Jump on Craigslist or any other online freelance employment website and you'll see a whole job board full of both long-term and short-term projects. Bloggers needed - $2 per post. Website writer needed - $5 per page. Articles needed - $.01 per word (after editing). And the best: Daily articles needed, no pay, but we give you a byline.
Just today on Craigslist's SF Bay Area section there is this advertisement for a "Freelance Article Writer:"
"Web-based business seeks freelance writer to create high-quality, original articles of 500-700 words in length. Requirements: excellent writing skills, ability to rapidly assimilate information gathered from multiple sources then turn around into high-quality original content, ability to meet tight deadlines."
Sounds ideal - especially to former reporters and journalists. That is until one sees the compensation for such work: $15 per article. Researching, organizing, composing, editing, rewriting - all for just enough money to buy a nice lunch. By yourself. Oh, and the ad calls for high-quality content, so the business is hoping to land a "talented" writer.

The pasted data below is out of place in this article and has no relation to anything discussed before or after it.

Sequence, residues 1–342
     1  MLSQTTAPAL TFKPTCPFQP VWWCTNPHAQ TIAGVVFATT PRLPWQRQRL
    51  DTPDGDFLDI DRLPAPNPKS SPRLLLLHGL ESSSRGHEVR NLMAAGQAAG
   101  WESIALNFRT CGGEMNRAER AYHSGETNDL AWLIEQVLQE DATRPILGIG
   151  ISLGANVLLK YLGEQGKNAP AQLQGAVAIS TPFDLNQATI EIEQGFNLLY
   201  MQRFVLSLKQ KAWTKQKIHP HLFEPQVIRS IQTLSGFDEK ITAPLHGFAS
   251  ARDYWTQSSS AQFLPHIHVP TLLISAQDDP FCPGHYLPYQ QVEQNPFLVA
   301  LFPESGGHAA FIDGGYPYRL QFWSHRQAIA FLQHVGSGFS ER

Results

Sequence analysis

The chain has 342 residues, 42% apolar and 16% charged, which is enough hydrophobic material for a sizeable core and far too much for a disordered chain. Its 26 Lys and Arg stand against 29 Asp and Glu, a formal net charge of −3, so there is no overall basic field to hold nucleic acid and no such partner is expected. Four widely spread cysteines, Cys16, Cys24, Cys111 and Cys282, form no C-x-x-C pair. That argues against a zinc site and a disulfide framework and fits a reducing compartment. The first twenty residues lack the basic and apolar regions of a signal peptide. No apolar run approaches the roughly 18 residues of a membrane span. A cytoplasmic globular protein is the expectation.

While it is understandable to see low pay or even trade from folks that have little to no money - like students needing help with their thesis or someone starting up a blog - it's an outrage to see real-life, profit-making companies placing posts for near scraps in return.
Maybe they truly believe that it's easy to write - simple to sit down, slam a few keys on a computer, and put meaningful sentences together. Maybe they just don't understand that quality writing takes time, effort, talent, and passion. Whether it's a short blog entry, product description, or a lengthy newsworthy article - every piece of work is more than just a bunch of words linked together - it's artwork.
Until writers unite and start demanding to get paid accordingly, and employers respectively respond, we'll continue to be starving artists - working just to put food on the table.